Impact of urban renewal changes on urban landscape identity: Case study of Kisumu City, Kenya




Urban landscape identity, urban form elements, urban renewal, impact of changes, Kisumu City, Kenya


Urban renewal undertaken to respond to physical deterioration and decay within cities resulted in various changes. The changes can impact on physical, socio-economic, and meaning aspects attached to various features, thus affecting the urban landscape identity of the city. Urban renewal in Africa is undertaken in the existing built forms in post-colonial times with the works impacting on city identities. Cities are striving to be unique and distinct, in order to attract and promote world trade and tourism, making city identity an issue of great concern. This study postulates that a city’s uniqueness and distinctiveness lie in its landscape identity that should be highly considered when upgrading urban environments in renewals. This study aims to investigate the impact of changes in urban form elements, due to urban renewal, on landscape identity. This is a case study analysis of Kisumu City, Kenya, which has recently undergone the upgrading of urban forms. A sample of 384 participants were involved in the field survey, 12 participants for the photo elicitation interview (PEI), and four key informants. Quantitative and qualitative approaches were used. The survey results supported by PEI responses revealed that renewal changes of urban physical forms had a positive impact on the city’s landscape identity, thus making it a visually appealing place. The vast majority of the respondents were satisfied with both the various components implemented and the overall outcome. They opined that the city had become a different but better place. The article highlights concern for the preservation of urban landscape identity within urban renewal projects in the post-colonial era.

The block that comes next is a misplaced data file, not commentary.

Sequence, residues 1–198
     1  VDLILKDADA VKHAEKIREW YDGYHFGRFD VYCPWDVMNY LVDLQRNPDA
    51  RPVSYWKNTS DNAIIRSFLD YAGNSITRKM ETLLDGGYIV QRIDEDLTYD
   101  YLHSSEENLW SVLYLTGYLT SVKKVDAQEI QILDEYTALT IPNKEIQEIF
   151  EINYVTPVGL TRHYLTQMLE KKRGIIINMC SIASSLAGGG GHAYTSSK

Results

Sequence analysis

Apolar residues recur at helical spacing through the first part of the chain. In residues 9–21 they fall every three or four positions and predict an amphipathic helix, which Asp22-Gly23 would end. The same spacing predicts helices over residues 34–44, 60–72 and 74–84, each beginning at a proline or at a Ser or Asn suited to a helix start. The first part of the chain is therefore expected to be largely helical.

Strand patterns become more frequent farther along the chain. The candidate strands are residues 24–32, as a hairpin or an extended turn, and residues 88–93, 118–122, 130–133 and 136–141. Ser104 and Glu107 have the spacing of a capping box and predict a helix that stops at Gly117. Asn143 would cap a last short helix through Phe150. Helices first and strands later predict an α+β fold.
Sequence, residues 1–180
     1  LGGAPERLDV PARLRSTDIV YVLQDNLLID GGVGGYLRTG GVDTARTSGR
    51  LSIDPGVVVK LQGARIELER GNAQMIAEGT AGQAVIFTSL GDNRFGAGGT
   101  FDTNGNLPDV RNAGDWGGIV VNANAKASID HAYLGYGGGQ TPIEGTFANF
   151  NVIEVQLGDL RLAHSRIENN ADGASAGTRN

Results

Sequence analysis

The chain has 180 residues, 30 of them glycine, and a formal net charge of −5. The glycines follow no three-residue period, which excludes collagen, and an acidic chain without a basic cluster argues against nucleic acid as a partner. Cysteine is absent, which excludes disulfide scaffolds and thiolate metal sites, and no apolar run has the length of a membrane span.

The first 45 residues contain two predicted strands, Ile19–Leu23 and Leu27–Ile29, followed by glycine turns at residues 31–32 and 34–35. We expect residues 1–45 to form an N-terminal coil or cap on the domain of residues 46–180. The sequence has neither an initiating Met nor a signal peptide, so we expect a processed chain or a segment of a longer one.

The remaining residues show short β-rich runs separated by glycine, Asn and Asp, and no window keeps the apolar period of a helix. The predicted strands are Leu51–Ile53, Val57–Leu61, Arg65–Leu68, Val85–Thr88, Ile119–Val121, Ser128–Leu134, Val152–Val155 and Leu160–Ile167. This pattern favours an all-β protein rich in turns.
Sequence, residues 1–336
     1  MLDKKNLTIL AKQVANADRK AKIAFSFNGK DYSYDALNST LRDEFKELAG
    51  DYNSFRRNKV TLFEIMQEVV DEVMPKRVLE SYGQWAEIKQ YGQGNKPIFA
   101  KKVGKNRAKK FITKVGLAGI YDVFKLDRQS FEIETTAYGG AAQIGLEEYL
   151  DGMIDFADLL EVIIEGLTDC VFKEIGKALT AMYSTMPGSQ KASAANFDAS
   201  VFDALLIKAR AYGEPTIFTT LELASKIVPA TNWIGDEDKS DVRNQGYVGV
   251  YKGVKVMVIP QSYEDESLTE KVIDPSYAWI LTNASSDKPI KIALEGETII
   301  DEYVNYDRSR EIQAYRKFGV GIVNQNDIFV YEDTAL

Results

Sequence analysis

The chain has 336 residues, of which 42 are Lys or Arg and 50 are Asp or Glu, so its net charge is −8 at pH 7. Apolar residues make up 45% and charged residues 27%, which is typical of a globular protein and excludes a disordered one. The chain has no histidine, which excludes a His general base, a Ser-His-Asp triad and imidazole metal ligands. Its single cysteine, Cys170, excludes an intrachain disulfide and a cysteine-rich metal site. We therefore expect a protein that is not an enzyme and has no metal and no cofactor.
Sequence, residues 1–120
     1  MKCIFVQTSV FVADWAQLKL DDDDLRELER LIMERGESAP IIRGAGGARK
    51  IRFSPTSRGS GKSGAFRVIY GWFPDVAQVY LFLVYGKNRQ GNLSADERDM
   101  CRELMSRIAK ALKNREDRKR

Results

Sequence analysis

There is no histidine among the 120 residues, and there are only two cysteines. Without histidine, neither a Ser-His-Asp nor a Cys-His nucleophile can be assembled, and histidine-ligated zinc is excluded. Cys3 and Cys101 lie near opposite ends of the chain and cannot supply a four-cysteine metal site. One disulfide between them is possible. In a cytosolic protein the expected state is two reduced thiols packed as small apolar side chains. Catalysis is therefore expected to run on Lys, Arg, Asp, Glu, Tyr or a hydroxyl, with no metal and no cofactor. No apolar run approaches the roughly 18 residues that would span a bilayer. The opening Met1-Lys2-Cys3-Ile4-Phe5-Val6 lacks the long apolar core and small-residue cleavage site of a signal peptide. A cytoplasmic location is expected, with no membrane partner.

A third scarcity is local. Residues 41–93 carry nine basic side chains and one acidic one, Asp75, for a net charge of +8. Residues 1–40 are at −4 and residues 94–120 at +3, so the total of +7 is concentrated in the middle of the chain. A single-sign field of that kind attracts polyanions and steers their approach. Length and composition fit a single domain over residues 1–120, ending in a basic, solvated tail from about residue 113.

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How to Cite

Koyoo, E. (2023) “Impact of urban renewal changes on urban landscape identity: Case study of Kisumu City, Kenya”, Acta Structilia, 30(1), pp. 155-184. doi: 10.38140/as.v30i1.7036.



Research articles